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today Nobel Biocare Global Symposium June 24, 2016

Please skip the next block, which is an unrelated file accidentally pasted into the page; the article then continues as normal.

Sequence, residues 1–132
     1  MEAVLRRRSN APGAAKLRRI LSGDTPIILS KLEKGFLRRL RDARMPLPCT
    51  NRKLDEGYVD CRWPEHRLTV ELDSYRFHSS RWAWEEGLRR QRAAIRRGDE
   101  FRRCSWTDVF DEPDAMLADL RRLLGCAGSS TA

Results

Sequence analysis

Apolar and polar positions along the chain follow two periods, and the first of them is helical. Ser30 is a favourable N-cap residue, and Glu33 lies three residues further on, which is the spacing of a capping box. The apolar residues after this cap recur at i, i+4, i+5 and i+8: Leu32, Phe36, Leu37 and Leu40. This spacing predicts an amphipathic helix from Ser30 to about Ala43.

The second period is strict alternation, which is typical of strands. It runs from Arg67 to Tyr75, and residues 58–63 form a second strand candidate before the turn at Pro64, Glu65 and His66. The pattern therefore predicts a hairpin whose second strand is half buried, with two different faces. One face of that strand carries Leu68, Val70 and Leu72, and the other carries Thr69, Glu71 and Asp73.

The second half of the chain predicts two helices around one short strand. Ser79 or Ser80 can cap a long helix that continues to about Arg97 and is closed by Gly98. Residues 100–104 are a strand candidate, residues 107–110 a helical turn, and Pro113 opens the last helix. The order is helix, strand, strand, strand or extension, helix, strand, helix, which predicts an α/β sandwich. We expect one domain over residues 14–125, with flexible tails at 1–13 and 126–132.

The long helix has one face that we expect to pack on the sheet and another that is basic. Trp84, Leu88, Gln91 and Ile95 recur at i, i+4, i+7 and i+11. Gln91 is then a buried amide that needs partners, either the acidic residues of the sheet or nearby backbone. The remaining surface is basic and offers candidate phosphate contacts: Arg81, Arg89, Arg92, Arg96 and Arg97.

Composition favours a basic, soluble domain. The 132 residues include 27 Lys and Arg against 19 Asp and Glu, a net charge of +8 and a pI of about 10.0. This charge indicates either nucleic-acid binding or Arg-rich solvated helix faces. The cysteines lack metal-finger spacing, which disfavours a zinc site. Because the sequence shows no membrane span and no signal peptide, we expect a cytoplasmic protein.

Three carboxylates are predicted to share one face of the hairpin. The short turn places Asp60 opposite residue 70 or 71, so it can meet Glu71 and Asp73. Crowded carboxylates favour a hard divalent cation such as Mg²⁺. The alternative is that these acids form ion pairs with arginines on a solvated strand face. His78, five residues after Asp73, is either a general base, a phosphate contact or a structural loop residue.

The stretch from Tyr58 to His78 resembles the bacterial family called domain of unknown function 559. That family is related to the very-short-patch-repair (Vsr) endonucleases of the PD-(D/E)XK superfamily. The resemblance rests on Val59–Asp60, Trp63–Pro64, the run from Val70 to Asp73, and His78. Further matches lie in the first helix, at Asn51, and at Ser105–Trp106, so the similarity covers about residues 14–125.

Nobel Biocare Global Symposium 10 science & research by Nobel Biocare n Dr. Tarun Agarwal, a general dentist, and Dr. Uday Reebye, an oral surgeon, advocate a team approach to implant dentistry that en- tails a surgical specialist, an anesthesiologist, a restorative dentist and a dental technician or laboratory. The editors of Nobel Biocare News recently asked these two doctors in the U.S. for their insights about teamwork in general and the All-on-4 treatment concept in particular. How did you begin working together? Dr. Tarun Agarwal: I first met Uday while he was a medical student at the University of North Carolina at Chapel Hill. Later, after he had completed his oral surgery residency and opened his practice here in North Carolina, I began sending him the surgical cases that I was not comfortable treating. Our profes- sional relationship flourished when Uday en- couraged me to collaborate on our surgical cases. He was very open to sharing tips and tricks, even allowing me to participate in the surgery. Dr. Uday Reebye: At the same time, Tarun taught me about prosthetic and implant ad- vancements that had a great impact on my work. Agarwal: It became quite clear that the cases we did together were the cases that turned out best and had the fewest complica- tions. I think it was the strategic collaboration and taking a holistic (surgical and restorative) approach to the cases that made the differ- ence. For you, your dental practices and the pa- tient, what are the main benefits of the team approach? Reebye: Implant dentistry is rapidly evolv- ing and its complexities require solid prosthe- tic and surgical knowledge. Working as a team allows us to make the most of our individual strengths and expertise. Sharing knowledge is essential for making advances in our field. Often, the greatest changes I make to my sur- geries are due to what Tarun has taught me on the restorative side; and conversely, Tarun has changed his treatment and prosthetic planning since he became involved in surgeries. Agarwal: What’s more, I now have the confidence to treat complex cases that I would never have even started in the past. The pa- tients truly benefit from our teamwork ap- proach in that they have a seamless treatment experience. Each member of the team is fo- cused on his or her core competency, and this leads to better results. I should also mention that practice productivity has steadily in- creased. As our mutual caseload has grown, so have referrals and our reputation within the community. It is like a snowball gaining size and momentum going downhill. Would you say that you each bring different qualities to the partnership? Agarwal: Without question. Uday is a dual-degree (M.D. and D.M.D.) board-certified oral-maxillofacial surgeon. His expertise and knowledge of surgery are far ahead of mine. I am an esthetically focused general dentist who has tremendous experience in digital dentistry. By each having an open mind, we are able to blend the digital technologies of restorative dentistry with the surgical world of complex implant dentistry. Over time, we have learned a great deal from each other and now have a greater appreciation for the com- plexities and issues that the other deals with in the treatment process. Do you ever have a difference of opinion when it comes to planning the treatment? Agarwal: Of course we do! Sometimes we have to negotiate on the surgical side and sometimes we have to negotiate on the restor- ative side. Reebye: And it usually works out that whoever wins the argument has thought through the issue at hand a little longer and harder. Agarwal: I can give you an example. Uday was hesitant to begin using computer-guided implant surgery. Initially, it was slower than the traditional technique he was used to, but for me, it made the restorative component ab- solutely more predictable and quicker. After our first case, he became aware that the extra 20–30 minutes of his time saved the patient multiple visits on the restorative side. Reebye: It was an easy trade-off to make. At the end of the day, we resolve any differ- ences of opinion guided by a single principle: do what is in the best interests of the patient. Is the All-on-4 treatment concept especially appropriate for your team approach? Reebye: Yes, in my opinion, the All-on-4 treatment concept can only be successful as a team effort. It is a beautiful treatment con- cept that marries surgical and prosthetic philosophies. I have to tell you that teamwork brings a great deal of enjoyment to the clinic. If you are happy when working, patients are happier and assistants are happier, and some- how that combination results in great out- comes. Agarwal: It really does! In our team approach, the restorative dentist creates the case blueprint, the surgical specialist serves as an engineer—by verifying the blueprint is surgically feasible— and the anesthesiologist is totally focused on patient comfort. Start- ing with the endpoint in mind and collaborating to make it possible have routinely led to great out- comes. What do you regard as the main benefits of the All-on-4 treatment concept, for both clinicians and patients? Reebye: We see many edentu- lous or about-to-be edentulous pa- tients who need new teeth. Previ- ous treatment modalities were so expensive and difficult that these patients left our clinics depressed, with no hope in sight. The All-on-4 treatment concept allows us as cli- nicians to give hope to many patients who once had few or no encouraging options. Now we can dramatically change the lives of these patients for the better. Agarwal: And because this treatment con- cept is more affordable for patients, a greater number of patients become implant candi- dates. For us, the All-on-4 treatment concept has virtually created a new market. What would you say to clinicians thinking about starting with the All-on-4 treatment concept? Agarwal: Go learn about it with an open mind! There are literally millions of patients who can benefit from this treatment. Nobel Biocare has a predictable workflow with a tre- mendous support system to make you suc- cessful. Reebye: Before I took my first All-on-4 class, all I heard from many clinicians (none of whom had taken a class or performed All-on-4 surgery) was that the concept was flawed and a recipe for disaster. Seven years later, all I can say is that I am so happy we did not listen to them. My advice? Keep an open mind, take a course and see for yourselves what a great service you can provide for your patients. For any clinicians considering adopting a team approach like yours, is there a secret to a successful partnership? Agarwal: You have to let go of your ego. We are all equals to the patient, after all, each bringing a different area of expertise to the team. Reebye: Let me add this: Listen to your patients. Be willing to talk to other clinicians, to share ideas and never be afraid to reach out when you need help. Most of us love to share what we know with each other—to be of help and to learn more at the same time. And fi- nally, enjoy! It is a wonderful journey. 7  Drs. Uday Reebye (left) and Tarun Agarwal agree that well-organized teamwork is beneficial for the patient and clinician alike.  Dr. Uday Reebye (left): “As similar as we are, I think we have a completely different approach to problems. The di- chotomy in the way we think, I believe, is what provides strength and success. Often, at the end of arguing about the correct treatment plan, we end up with a beautiful hybrid that otherwise would never have been realized.”  Dr. Tarun Agarwal (left): “Over time, we have pushed each other to take a closer look at each other’s perspective.” More to explore! To learn more about the All-on-4 treatment concept, all-on-4. Teamwork, for predictable outcomes “Working as a team allows us to make the most of our individual strengths and expertise.”